The ex-CIA employee and whistleblower Edward Snowden posted hundreds of messages on a public internet forum railing against citizen surveillance and corporate greed, it was revealed today.
Mr Snowden, who leaked details of US internet surveillance to a British newspaper, posted the messages under a pseudonym during the eight years that he worked for the CIA and the NSA.
Details of the postings were revealed by Reuters and came as the UK government warned airlines worldwide not to fly Mr Snowdon to Britain as "the individual is highly likely to be refused entry to the UK".
"I can't hope to change the way things are going by overtly complaining, writing letters, or blowing things up," Snowden wrote in 2003 in response to a discussion about corporate greed on the Ars Technica online forum.
"That's not the way a good person does things. I will, however, do what I can with the tools that are available to me."
Snowden was also a prolific commentator on the technology forum Ars Technica, posting approximately 750 messages using the screen name "The True HOOHA" from late 2001 to 2012.
According to Reuter's sources Snowden was employed by an unidentified classified agency in Washington from 2005 to mid-2006, by the CIA from 2006 to 2009, when he primarily worked overseas, and by Dell Inc from 2009 to 2013, when he worked in the United States and Japan as an NSA contractor.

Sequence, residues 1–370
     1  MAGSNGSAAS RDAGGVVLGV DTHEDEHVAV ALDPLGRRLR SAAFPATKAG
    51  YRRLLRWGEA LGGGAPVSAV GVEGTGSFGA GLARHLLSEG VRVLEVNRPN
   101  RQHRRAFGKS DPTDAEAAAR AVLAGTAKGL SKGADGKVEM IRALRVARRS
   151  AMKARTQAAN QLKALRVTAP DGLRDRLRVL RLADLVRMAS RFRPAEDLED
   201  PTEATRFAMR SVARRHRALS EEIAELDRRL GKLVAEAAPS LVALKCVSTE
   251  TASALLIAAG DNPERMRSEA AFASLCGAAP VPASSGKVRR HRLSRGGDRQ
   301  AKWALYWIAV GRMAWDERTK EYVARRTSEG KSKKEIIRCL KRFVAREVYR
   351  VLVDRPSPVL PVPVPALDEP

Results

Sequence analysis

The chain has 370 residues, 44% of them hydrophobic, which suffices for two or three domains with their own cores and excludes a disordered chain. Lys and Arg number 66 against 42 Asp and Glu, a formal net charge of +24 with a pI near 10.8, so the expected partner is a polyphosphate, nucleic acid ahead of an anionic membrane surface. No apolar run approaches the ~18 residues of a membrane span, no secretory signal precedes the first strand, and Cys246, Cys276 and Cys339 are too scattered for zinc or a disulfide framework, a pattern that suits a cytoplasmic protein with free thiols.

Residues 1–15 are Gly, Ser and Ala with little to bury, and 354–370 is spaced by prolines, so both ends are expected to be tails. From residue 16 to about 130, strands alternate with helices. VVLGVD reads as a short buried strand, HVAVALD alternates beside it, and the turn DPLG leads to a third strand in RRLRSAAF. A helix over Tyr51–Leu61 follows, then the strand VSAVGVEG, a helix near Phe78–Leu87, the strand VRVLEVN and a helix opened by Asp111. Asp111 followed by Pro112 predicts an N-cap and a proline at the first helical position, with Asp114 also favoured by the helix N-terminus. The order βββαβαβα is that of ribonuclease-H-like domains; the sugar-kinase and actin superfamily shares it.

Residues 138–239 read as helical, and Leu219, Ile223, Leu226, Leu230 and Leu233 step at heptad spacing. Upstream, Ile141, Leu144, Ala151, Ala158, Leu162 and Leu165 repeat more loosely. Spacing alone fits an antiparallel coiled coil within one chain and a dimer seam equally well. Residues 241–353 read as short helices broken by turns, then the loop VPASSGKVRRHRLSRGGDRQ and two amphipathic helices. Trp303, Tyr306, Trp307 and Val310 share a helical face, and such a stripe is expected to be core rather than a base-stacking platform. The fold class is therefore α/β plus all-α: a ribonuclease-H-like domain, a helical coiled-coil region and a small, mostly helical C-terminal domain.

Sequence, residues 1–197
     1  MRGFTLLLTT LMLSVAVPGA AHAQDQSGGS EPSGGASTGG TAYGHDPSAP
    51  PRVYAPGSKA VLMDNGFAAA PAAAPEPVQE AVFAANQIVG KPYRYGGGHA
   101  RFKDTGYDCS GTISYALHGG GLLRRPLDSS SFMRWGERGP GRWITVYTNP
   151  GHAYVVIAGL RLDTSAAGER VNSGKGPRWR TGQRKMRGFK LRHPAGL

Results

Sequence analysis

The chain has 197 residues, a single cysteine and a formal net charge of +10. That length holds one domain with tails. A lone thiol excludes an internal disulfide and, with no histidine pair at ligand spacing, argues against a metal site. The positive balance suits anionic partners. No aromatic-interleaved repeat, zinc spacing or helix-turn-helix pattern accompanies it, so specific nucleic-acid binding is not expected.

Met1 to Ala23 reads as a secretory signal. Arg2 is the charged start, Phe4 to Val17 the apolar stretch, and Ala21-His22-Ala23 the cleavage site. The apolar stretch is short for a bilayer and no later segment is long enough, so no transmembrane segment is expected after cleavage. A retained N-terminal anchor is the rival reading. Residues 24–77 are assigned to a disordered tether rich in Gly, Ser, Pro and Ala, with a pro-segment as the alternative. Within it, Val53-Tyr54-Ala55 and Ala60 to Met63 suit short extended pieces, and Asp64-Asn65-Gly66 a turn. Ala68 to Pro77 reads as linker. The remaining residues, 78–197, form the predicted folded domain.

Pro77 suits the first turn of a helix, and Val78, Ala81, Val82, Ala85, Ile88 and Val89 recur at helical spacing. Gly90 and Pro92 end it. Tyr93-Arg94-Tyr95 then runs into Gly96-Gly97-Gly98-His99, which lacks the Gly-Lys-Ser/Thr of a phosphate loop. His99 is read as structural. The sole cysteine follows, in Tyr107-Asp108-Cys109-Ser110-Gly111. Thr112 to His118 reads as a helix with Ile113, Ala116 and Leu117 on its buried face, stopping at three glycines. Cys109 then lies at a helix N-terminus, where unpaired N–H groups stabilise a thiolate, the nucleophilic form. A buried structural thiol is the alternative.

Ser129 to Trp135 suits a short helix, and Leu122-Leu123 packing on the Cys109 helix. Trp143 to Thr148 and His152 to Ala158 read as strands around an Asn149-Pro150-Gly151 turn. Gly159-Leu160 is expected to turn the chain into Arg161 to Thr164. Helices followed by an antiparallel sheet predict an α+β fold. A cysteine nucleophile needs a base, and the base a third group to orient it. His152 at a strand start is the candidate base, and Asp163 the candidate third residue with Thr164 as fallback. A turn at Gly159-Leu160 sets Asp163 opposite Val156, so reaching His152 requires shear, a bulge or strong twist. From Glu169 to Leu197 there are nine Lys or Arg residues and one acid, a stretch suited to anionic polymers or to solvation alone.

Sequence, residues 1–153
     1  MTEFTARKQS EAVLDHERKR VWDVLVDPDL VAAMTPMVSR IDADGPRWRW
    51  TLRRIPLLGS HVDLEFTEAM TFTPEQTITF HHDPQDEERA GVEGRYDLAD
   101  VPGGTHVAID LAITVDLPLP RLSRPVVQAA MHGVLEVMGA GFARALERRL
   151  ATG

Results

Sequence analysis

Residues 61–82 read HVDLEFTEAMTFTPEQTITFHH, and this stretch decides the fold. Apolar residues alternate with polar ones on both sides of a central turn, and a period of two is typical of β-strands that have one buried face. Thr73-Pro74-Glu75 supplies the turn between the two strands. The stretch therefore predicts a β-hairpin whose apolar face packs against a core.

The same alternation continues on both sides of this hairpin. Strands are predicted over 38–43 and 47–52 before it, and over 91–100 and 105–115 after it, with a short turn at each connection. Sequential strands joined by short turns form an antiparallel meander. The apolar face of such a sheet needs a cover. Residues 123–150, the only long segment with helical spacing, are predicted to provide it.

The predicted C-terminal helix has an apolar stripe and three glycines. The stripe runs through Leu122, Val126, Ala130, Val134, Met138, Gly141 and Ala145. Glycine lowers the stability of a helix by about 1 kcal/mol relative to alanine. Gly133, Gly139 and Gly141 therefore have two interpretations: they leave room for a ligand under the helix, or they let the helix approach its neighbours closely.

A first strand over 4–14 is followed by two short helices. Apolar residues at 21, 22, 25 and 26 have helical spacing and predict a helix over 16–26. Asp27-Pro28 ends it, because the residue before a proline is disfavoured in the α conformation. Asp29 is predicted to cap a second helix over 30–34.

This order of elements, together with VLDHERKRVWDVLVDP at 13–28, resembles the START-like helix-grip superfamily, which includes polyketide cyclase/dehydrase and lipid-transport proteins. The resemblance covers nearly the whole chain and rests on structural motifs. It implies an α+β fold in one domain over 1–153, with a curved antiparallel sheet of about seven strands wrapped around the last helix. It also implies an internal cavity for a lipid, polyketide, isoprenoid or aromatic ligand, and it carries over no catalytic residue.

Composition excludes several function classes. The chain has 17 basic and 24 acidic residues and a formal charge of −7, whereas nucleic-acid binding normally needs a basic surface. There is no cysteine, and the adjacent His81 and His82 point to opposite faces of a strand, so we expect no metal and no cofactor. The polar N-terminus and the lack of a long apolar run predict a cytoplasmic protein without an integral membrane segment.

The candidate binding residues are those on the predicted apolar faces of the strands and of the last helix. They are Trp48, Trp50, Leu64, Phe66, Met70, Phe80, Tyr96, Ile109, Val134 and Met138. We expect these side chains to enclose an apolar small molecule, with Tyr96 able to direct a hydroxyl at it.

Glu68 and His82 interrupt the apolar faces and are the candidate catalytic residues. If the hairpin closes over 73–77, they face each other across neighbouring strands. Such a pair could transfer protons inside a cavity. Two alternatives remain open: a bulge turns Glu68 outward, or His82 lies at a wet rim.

The revelations came as intelligence officials were grilled by US lawmakers about how the 29-year-old high school dropout managed to gain access to such top secrets as the NSA's electronic surveillance programs.
Most of the postings were not political in nature: he dispensed advice about government careers, polygraphs and the 2008 stock market crash. He claimed to own the same gun as James Bond and posted glamour photos of himself. He jokingly compared the video console Xbox Live to NSA surveillance.
One of his postings, however, dealt with the now familiar issue of corporate compliance with government eavesdropping programs. On February 4, 2010, while working for Dell, Snowden commented on a discussion about a major technology company that allegedly was giving the U.S. government access to its computer servers.
"It really concerns me how little this sort of corporate behavior bothers those outside of technology circles," Snowden wrote. "Society really seems to have developed an unquestioning obedience towards spooky types."
It is not clear if his former employers knew about his online persona. The CIA, NSA, Dell and Booz Allen Hamilton - which most recently employed Snowden - declined to comment.
Additional reporting by Reuters
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